Monitoring for AMR resistance in food animals

11 June 2024

New Zealand Food Safety (NZFS) has started an ongoing surveillance programme for antimicrobial resistance (AMR) in bacteria isolated from animals that pose a risk to human or animal health. This is in accordance with World Organisation for Animal Health (WOAH) recommendations. Surveillance and monitoring of antimicrobial resistance is important for:

  1. Assessing and determining the trends and sources of AMR in bacteria and detecting new antimicrobial mechanisms.
  2. Providing data for conducting risk analyses for animal and human health.
  3. Providing a basis for policy recommendations for animal and human health.
  4. Providing information for evaluating antimicrobial prescribing practices and prudent use recommendations.
  5. Assessing and determining the effects of actions to combat AMR.

The NZFS AMR surveillance and monitoring programme tracks the levels of antibiotic-resistant bacteria in New Zealand animals. Bacteria collected from poultry, pigs, calves, and dairy cattle sent to meat-processing plants are being tested for antibiotic resistance. The surveillance programme will target one species each year on a rotating basis. One-off surveys from lower-risk species, such as sheep, are also being done.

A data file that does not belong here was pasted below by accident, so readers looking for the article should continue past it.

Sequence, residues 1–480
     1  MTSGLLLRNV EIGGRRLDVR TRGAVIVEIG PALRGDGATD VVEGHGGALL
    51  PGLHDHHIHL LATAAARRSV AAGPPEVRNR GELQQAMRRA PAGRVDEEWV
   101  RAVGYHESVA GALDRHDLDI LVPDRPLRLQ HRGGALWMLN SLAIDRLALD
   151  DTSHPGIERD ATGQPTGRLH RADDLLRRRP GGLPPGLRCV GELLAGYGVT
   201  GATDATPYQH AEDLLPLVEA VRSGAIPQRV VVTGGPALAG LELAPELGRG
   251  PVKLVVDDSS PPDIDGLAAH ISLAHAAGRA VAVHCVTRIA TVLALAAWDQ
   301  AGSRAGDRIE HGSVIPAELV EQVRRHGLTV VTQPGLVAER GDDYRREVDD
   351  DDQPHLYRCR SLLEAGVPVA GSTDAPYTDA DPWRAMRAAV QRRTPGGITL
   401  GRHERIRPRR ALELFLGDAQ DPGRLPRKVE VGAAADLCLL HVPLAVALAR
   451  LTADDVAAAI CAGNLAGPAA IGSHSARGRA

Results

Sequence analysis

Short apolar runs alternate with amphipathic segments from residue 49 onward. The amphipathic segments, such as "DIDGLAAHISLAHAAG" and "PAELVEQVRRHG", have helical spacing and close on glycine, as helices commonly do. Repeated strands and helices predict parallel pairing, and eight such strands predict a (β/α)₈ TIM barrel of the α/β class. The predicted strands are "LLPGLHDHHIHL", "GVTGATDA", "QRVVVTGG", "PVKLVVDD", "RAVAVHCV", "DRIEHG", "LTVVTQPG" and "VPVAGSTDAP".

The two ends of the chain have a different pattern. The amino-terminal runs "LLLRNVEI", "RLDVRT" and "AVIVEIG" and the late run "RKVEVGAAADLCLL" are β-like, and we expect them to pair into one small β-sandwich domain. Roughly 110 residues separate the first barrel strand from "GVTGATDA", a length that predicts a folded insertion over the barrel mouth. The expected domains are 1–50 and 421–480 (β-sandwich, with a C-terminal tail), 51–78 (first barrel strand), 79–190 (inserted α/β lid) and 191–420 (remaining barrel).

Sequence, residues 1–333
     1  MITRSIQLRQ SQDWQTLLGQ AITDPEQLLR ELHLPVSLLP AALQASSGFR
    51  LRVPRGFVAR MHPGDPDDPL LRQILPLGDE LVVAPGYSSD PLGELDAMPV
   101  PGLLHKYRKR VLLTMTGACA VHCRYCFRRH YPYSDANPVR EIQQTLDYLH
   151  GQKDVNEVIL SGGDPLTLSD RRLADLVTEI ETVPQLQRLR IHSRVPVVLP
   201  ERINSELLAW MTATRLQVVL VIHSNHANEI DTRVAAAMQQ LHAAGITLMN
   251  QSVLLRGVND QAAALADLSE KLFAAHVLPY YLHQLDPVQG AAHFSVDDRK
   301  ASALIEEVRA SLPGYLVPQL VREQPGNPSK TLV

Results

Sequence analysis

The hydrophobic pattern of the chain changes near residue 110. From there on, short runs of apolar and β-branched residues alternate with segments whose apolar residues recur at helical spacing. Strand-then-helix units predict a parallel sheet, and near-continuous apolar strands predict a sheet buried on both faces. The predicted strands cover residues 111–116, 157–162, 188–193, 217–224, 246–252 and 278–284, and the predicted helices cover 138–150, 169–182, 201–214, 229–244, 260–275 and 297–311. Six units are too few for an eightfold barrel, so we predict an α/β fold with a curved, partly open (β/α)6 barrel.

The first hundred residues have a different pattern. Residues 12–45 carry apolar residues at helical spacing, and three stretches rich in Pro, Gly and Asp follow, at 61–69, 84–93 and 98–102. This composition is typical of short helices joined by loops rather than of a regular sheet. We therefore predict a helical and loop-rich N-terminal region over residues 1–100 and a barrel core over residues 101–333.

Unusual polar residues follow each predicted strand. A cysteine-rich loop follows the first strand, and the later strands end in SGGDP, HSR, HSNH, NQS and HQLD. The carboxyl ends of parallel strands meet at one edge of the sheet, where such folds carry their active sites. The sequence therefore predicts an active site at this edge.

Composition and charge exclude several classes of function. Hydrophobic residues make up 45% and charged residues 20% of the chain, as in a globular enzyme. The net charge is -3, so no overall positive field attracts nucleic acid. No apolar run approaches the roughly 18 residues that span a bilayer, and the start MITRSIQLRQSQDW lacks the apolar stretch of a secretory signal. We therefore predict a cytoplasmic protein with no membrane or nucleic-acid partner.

NZFS is also tracking antibiotic-resistant bacteria from live animal samples sent to veterinary diagnostic laboratories. This surveillance covers both production and companion animals. Soon, NZFS will start publishing results from the programme on the AMR webpage.

The surveillance programme builds on the results from previous NZFS AMR surveys.

The most recent survey, which took place between 2018-2022, has been published in the Journal of Food Protection. It was carried out by The Institute of Environmental Science and Research (ESR) and was codesigned and funded by NZFS. The survey found that AMR in food animals in New Zealand poses a limited public health risk due to low levels of resistance to critically important antibiotics used in humans.

Read the full study here: Antimicrobial Resistance in Selected Bacteria from Food Animals in New Zealand 2018–2022 – Science Direct 

For more information and resources about AMR, visit the Ministry for Primary Industries AMR webpage: